Earnouts Often Result in Disputes
How to avoid and/or mitigate the risk of earnout disagreements.July 7, 2011
by Allen Liebnick, CPA, CFF
In last month’s column, Attorney-at-Law and Partner with the Texas-based law firm Looper Reed & McGraw, Mark Wigder, explained the applicability of earnouts in a sales and/or purchase arrangement. Wigder is well versed in earnouts since his firm focuses on corporate and securities law, mergers and acquisitions, public offerings, private placements, financings, SEC compliance and corporate governance as well as what earnouts are and, among other things, various points to consider in negotiating the earnout. Earnouts often result in litigation. As Vice Chancellor Travis Laster of the Delaware Chancery Court observed in the Airborne Health case: “[A]n earn-out often converts today’s disagreement over price into tomorrow’s litigation over outcome.” This article will address the common areas of disputes with respect to earnouts and how to avoid and/or mitigate the risk of earnout disagreements.
The Most Common Types of Earnout Disputes
How to Avoid and Mitigate Earnout Disputes
Wigder pointed out that failure to draft earnout provisions and address all potential facts and scenarios that may arise carefully can often lead to litigation. He also said that “courts have been reluctant to intercede on the seller’s behalf in the absence of specific protections in the acquisition agreement or employment agreement. Thus, it is critical that sellers are proactive about protecting their rights during negotiations of the earnout rather than waiting for litigation.”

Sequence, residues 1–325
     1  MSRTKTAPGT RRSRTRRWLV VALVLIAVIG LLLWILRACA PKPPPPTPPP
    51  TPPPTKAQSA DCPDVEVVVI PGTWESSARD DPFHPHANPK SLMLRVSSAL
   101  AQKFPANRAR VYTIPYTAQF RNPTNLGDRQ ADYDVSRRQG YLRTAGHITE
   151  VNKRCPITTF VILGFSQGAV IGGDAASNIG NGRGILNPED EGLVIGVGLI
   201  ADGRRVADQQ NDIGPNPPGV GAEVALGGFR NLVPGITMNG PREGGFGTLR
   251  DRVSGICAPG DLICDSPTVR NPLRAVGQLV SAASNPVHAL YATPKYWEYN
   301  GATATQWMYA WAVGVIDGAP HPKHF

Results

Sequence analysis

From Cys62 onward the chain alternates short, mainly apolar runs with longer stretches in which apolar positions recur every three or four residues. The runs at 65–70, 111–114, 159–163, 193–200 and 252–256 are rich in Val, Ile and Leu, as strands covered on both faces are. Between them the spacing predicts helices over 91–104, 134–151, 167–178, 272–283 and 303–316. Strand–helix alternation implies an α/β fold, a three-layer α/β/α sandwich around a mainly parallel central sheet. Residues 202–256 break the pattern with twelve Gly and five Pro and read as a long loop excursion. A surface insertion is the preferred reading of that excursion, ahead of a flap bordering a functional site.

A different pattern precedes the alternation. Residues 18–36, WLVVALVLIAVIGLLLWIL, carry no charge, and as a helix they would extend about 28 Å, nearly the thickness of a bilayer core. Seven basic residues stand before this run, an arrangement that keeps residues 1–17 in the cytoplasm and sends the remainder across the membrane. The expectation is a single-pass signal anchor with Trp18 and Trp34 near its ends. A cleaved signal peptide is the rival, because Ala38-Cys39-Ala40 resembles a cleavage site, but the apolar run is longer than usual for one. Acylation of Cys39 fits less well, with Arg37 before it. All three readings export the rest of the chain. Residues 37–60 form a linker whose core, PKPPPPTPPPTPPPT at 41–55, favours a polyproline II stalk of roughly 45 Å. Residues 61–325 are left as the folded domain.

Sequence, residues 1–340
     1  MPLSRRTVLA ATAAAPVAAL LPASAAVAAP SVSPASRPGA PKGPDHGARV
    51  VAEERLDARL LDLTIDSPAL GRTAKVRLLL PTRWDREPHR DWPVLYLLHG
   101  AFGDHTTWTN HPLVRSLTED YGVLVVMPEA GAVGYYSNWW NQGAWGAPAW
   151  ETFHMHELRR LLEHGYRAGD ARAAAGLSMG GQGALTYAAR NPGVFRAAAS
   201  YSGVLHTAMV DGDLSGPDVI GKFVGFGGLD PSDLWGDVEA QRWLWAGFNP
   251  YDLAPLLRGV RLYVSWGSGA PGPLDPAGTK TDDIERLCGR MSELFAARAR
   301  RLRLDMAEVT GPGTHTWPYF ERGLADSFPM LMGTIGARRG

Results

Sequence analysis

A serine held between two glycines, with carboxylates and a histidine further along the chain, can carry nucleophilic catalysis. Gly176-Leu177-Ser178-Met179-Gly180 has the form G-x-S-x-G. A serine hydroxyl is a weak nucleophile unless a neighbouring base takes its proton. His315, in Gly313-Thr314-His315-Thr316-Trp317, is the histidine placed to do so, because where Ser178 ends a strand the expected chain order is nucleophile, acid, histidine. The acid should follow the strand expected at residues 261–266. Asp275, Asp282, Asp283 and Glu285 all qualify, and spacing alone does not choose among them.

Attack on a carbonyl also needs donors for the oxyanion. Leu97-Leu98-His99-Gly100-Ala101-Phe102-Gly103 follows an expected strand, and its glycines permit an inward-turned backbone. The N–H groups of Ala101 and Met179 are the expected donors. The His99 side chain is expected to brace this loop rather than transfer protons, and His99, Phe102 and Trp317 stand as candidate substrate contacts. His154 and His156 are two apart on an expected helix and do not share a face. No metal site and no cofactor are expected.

Clear and Exhaustive Contract Terms. Most earnout disputes boil down to different interpretations of the earnout agreement. By planning ahead and making decisions upfront, parties to earnout agreements may be able to avoid future litigation over potential ambiguities. Important terms to consider are:
Selecting a Favorable Law to Govern the Agreement. Parties should aim to select a governing law in the agreement that is most likely to produce a favorable outcome should the earnout agreement come to litigation, as well as the jurisdiction to hear such litigation. A favorable governing law, as well as a favorable venue, is of particular importance in
Including a Liquidated Damages Clause or Other Remedies. In certain circumstances, courts have found earnout damages are too speculative even if a court finds that a buyer has breached the earnout agreement resulting in an award of nominal damages. Therefore, the parties should consider including a liquidated damages clause. From the seller’s perspective, the seller should argue for a provision that accelerates the earnout payments (i.e. similar to a promissory note) to the seller if the buyer breaches the earnout agreement or employment agreement of the seller’s management, including terminating members of such management without cause.
Including Dispute Resolution Mechanisms in the Acquisition Agreement. The acquisition agreement should include provisions on how to settle earnout disputes in the event that they arise. Most acquisition agreements include an arbitration clause.
ConclusionBy being cautious and taking these precautionary steps, both buyers and sellers can avoid unnecessary headaches over possible litigations.
Allen M. Liebnick, CPA, CFF, is president of Overpaid Payables Recovery, Inc.. He has been providing accounts payable, sales tax and telecommunications post-audit recovery services for over 18 years. Liebnick is a member of the New York State Society of CPAs as well as Texas Society of Certified Public Accountants and chair of the 2011 Texas State Society of CPAs State Tax Conference. Liebnick thanks Mark Wigder for his contribution to this article.